TRUSTED ADVISOR AND ADVOCATE
TRUSTED ADVISOR AND ADVOCATE
The Travel Industry Council of Ontario (“TICO”) enforces the Travel Industry Act, 2002 (“TIA”) in order to regulate travel agents and wholesalers in Ontario. Their mandate is to protect consumers while maintaining a competitive, educated, and professional industry. In doing so, TICO requires travel professionals and businesses to acquire registration in order to ensure they meet and maintain certain levels of honesty, integrity, and financial responsibility. If registrants violate the TIA or its regulations, TICO has a variety of options including charging them with offences or suspending/limiting/revoking their licence.
Burokas Law acts as a TICO lawyer by representing travel agents and wholesalers in all their dealings with TICO. Services include:
TICO’s powers are generally divided into- Registration and Prosecution.
Travel agents and wholesalers must be registered to act as such. TICO employs a “Registrar” who, with the advice of management and legal, makes administrative decision regarding registration. These actions include:
The Registrar’s authority, while broad, is not absolute. Applicants and registrants (registered individuals or business) can appeal the Registrar’s decision to the License Appeal Tribunal (“LAT”), an independent government tribunal that impartially decides whether the Registrar’s action should be accepted or not.
Registration with a TICO involves meeting both prescribed requirements and general tests for registration. Prescribed requirements can be found in the “General” Regulation of TIA- Ontario Reg 26/05. TICO will not process your application if you have not met them and you will not be entitled to a hearing regarding that decision.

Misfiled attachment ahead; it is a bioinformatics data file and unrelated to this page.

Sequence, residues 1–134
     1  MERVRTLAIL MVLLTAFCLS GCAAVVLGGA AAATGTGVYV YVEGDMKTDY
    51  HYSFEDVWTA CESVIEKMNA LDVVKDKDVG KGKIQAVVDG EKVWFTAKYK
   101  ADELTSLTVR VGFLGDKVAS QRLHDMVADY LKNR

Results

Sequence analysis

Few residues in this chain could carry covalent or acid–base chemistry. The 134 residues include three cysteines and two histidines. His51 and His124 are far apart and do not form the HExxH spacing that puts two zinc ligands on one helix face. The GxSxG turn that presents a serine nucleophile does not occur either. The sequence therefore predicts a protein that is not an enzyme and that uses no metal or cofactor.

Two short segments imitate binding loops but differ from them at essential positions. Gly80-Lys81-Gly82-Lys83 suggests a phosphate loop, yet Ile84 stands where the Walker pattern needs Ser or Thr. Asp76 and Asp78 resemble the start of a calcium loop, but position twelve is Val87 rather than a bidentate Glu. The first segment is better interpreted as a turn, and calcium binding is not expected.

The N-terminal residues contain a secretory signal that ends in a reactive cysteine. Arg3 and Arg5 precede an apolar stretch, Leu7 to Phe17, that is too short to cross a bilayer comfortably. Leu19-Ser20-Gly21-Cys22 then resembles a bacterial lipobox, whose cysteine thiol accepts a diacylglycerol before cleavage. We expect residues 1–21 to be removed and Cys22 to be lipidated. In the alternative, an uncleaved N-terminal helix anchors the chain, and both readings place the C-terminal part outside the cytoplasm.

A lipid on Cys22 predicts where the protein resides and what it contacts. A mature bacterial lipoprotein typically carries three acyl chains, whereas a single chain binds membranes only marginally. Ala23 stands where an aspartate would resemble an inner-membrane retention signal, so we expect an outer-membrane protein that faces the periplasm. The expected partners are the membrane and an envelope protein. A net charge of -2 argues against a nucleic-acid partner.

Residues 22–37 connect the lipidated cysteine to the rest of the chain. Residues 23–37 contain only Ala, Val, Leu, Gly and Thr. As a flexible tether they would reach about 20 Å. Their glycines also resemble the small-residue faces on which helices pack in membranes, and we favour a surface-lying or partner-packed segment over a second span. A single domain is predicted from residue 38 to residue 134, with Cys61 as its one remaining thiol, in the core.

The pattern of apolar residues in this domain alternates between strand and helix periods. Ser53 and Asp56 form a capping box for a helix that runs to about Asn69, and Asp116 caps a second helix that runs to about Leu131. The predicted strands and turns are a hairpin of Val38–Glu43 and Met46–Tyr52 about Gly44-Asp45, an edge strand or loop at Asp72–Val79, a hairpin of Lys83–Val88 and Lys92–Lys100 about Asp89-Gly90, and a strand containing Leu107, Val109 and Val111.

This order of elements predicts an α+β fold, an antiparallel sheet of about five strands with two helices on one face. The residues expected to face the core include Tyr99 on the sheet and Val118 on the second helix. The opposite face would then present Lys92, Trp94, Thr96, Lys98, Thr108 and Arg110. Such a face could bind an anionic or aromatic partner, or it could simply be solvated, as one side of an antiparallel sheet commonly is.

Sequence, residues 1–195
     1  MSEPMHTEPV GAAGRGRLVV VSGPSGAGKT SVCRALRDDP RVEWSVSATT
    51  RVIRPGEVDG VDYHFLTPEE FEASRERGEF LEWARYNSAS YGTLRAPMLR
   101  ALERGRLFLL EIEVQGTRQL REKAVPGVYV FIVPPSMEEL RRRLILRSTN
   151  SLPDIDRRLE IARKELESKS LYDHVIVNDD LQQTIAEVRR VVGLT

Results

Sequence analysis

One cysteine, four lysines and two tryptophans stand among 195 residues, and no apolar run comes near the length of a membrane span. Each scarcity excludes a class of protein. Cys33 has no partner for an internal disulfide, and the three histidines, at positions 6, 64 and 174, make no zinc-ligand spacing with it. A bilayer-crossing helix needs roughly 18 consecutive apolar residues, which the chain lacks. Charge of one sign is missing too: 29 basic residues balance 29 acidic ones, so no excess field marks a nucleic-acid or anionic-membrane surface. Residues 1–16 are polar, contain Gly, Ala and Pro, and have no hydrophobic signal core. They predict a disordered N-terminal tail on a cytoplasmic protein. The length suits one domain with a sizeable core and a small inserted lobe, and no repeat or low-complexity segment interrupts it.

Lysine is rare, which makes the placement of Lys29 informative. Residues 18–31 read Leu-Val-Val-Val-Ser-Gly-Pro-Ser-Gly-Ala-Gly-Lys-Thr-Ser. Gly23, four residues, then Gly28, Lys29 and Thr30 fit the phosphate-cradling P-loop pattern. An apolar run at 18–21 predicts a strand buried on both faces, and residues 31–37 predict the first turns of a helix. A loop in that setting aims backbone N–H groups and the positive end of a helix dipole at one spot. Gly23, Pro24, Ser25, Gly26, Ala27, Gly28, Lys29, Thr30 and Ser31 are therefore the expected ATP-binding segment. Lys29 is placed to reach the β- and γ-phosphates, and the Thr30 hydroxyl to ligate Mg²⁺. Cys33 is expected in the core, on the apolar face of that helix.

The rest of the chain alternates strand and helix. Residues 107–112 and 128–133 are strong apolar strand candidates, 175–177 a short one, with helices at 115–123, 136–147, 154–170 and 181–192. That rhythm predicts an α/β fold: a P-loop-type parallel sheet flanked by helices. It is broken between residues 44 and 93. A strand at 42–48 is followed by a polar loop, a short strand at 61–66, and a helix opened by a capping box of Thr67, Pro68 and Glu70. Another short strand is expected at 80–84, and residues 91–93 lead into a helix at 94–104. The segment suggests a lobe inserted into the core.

General Test for Registration
Once an individual or business has met all the prescribed requirements for the class of registration they seek, they are entitled to registration. If TICO seeks to refuse their application, they must establish at least one of the following:
At least one of these criteria must be shown by the Registrar to refuse, refuse to renew, revoke, suspend, or impose conditions on an individual or business that is already registered. If TICO wants to take one of these actions, they must issue a “notice of proposal” to refuse, revoke, suspend, refuse to renew, or impose conditions whereby they are required to explain what criteria above they are relying on and why.
TIA employs a concept called an “interested person” to the registration criteria above. An interested person is someone who is either in at least one of many types of legal relationships with the applicant or officer/directors (ex. partners in the same partnership) or, in the opinion of the registrar:
TICO uses the interested persons concept to look beyond the face of a business to determine who is really in control. They are wary of people who appear good on paper being used as fronts for other individuals who would otherwise not be eligible for registration under the criteria listed above.
Once an applicant or registrant receives service (usually through a courier) of a notice of proposal, they have 15 days to file a Notice of Appeal with the Licence Appeal Tribunal (“LAT”). LAT will schedule a “case conference” to:
Hearings at LAT
Hearings at LAT are heard by an impartial member, vice-chair, or chair of the Licence Appeal Tribunal. They are structured similar to a trial in court, although slightly less formal. In most cases the member will make determinations on contentious factual issues and then determine whether or not the Registrar’s Notice of Proposal should be carried out, not carried out, or not carried out subject to certain conditions on a registration. LAT’s rules and procedures for case conferences and hearings are outlined in their own Rules of Practice and the Statutory Powers and Procedure Act, 1990.